Nong Khai province is hidden away, tucked into the far northeastern corner of Thailand. The province sits quietly in the Mekong River valley, patiently waiting to welcome you to the Isaan area.
This area was formerly part of the Vientiane kingdom, and is only 25 kilometers away from the present day Vientiane, Laos. The region was historically marred by conflict. In 1827, King Rama III of Siam allowed a favored lord to build Meuang Nong Khai. All was well for a time, but in the 1870’s – 1880’s, the region was repeatedly attacked by the Yunnanese. The Thai and Lao residents of the region were able to successfully defend themselves and retain control. The Thai-Lao Friendship Bridge, opened in 1994, builds on this tradition of good relations and is working to improve development and trade in the region and cross-border.
Nong Khai is liberally dotted with waterfalls. Among these, make it a point to seek out Namtok (“nam” is water, “tok” is fall) Than Thong, Namtok Than Thip, Namtok Chet Si (“Seven Colors”, named for the refraction of light through the water creating rainbows), and Namtok Chanaen.
Another great attraction is Sala Kaew Ku, also called Wat Khaek. The park features concrete statuary from many predominant religions, contrasting the Buddhist, Hindu, and Christian icons in an unusual setting. You will find the naga, or river dragon, heavily represented, and the entire park leans toward the Hindu faith a little more than to the others. The park was built in the late 1970’s, and the founder’s remains are still enshrined onsite. You can find the park about five kilometers west of Nong Khai.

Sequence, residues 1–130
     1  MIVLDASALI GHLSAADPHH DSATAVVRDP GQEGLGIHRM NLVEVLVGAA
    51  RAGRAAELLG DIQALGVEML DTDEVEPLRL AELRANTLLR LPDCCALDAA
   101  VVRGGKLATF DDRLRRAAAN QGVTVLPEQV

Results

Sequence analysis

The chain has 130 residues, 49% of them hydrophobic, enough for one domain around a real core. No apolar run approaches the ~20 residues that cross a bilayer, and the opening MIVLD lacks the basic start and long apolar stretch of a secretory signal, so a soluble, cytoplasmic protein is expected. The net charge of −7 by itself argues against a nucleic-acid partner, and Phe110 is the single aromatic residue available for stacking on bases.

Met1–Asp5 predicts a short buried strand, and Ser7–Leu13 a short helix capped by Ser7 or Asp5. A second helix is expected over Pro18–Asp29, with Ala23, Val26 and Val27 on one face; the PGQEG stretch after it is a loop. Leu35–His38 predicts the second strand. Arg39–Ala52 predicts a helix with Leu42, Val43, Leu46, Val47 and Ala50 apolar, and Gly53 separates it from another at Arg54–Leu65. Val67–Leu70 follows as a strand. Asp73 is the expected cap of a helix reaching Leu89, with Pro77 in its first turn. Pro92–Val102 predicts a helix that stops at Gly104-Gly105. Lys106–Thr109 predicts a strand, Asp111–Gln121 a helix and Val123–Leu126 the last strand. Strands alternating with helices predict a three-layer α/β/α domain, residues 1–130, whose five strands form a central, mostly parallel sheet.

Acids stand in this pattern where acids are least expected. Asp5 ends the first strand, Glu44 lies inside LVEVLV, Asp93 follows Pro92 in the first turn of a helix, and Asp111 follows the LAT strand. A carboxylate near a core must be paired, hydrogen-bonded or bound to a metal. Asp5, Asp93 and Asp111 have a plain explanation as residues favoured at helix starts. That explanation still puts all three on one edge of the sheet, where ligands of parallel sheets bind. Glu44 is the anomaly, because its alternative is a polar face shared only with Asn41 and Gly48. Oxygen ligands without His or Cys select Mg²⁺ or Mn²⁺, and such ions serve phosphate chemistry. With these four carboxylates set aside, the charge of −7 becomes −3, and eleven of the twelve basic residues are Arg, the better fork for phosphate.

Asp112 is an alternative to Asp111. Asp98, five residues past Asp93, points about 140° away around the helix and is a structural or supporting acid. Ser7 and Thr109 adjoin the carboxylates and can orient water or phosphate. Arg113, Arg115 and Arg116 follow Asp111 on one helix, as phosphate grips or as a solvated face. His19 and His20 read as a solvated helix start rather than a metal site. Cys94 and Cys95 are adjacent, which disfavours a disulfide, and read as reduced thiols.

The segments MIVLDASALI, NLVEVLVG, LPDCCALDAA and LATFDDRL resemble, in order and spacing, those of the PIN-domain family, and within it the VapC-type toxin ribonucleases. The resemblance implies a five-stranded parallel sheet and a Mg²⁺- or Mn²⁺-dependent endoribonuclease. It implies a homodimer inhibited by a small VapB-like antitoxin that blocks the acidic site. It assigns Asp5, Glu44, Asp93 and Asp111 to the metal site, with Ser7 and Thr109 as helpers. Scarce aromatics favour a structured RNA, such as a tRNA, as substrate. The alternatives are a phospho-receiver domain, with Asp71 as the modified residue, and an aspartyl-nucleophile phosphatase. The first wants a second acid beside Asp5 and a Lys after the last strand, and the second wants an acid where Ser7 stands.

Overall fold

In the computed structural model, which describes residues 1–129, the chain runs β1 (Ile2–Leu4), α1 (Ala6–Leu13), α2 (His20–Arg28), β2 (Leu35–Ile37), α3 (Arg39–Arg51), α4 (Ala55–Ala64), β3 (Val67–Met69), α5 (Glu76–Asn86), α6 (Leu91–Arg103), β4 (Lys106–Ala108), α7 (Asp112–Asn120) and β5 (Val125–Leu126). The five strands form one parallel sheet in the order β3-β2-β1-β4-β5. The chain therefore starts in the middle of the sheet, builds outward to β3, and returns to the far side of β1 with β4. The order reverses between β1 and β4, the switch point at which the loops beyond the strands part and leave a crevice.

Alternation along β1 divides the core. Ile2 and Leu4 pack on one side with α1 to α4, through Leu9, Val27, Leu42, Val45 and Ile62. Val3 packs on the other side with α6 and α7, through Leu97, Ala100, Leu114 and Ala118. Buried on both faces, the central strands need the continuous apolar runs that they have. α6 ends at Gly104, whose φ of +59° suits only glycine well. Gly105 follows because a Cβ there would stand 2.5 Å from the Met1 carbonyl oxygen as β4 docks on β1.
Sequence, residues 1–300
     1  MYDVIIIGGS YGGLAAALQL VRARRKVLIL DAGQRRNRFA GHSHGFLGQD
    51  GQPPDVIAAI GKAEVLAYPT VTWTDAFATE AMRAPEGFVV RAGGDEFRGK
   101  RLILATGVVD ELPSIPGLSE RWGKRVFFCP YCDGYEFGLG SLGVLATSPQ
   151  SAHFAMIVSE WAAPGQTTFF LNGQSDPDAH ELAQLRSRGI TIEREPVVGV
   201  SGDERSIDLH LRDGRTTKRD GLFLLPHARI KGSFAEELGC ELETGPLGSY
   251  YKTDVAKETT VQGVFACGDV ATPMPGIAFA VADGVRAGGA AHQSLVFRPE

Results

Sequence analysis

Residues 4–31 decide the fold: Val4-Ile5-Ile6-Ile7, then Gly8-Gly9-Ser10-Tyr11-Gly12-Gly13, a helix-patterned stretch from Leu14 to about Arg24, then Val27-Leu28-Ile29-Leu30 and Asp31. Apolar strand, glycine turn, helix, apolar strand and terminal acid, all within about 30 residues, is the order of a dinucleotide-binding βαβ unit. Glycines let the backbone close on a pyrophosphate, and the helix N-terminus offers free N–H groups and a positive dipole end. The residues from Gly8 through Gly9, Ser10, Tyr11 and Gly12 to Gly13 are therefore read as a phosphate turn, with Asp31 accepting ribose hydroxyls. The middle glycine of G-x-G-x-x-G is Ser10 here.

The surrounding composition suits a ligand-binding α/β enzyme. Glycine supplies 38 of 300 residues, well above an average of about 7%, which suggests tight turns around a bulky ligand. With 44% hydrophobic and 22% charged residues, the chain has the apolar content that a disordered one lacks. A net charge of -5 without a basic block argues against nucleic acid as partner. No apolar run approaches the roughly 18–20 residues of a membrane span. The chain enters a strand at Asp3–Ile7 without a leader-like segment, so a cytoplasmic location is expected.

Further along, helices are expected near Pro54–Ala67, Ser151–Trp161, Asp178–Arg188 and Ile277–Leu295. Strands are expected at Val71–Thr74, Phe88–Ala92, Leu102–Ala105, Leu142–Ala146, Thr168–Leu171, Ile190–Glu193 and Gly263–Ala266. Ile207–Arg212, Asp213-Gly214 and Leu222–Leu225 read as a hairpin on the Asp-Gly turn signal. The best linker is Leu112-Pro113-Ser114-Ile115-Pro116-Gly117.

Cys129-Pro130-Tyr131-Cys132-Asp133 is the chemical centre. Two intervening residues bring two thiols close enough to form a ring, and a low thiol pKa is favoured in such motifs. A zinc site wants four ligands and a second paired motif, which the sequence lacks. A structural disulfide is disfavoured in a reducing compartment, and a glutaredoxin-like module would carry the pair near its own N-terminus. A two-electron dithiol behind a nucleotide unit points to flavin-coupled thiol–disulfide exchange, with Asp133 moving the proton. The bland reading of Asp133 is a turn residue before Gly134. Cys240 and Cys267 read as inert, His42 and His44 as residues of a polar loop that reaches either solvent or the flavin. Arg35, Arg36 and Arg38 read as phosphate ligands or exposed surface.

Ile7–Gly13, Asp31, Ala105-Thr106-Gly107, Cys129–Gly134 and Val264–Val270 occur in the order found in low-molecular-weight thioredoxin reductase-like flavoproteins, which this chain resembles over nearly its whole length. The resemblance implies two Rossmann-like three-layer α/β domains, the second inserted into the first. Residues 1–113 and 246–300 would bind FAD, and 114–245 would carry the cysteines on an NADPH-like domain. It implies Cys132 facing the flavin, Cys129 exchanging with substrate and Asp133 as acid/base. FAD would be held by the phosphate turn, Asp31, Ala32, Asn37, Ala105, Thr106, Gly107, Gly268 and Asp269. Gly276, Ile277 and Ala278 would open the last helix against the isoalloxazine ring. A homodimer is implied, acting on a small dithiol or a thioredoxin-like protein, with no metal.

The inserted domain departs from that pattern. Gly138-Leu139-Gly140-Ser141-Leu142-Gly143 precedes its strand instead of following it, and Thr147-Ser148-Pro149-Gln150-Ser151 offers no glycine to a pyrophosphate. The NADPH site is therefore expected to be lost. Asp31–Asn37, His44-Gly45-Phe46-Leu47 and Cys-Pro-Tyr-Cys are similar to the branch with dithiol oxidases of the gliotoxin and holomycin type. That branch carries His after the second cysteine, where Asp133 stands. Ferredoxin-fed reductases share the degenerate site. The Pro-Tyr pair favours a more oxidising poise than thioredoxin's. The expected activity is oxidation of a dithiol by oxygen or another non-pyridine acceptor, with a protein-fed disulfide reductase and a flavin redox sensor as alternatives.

Also be sure to visit Thasadej Indochina market, located in the town of Nong Khai along the Mekong River. Covering more than one kilometer of waterfront, the bazaar boasts duty-free goods from China, Vietnam, and Laos, including foods and sweets. Local goods and handicrafts are also on offer here, and you really must have lunch at one of the numerous food stalls inside the market. The food here is a great value and wonderfully flavorful.
Getting around locally is no problem. For the less adventurous (or easily lost!), stick with the tuk-tuks that are well known from Bangkok. You can typically hire one for 40-50 Thai baht (THB) per person. If you are able to find your own way around, many shops offer bicycles for rent, and motorbikes are available as well. Remember that you’ll have to produce your passport in order to rent a motorbike, and helmets are mandatory, but often ignored.
If you missed lunch at the market, don’t worry. There are plenty of other opportunities. Street food sold by the vendors along the riverside road (Rimkhong) and along Prajak Road is very good and completely inexpensive. For a Vietnamese meal, stop in at Daeng Naem Nueang. You can dine in, or ask for a carry-out and take it away to your favorite local spot.
Nong Khai won’t offer you gigantic shopping malls, extra-large nightclubs, or earth-shaking discos. It will offer you peace and tranquility, and the chance to experience Issan for yourself. Its another facet of Thailand, and one you will treasure. Bon Voyage!
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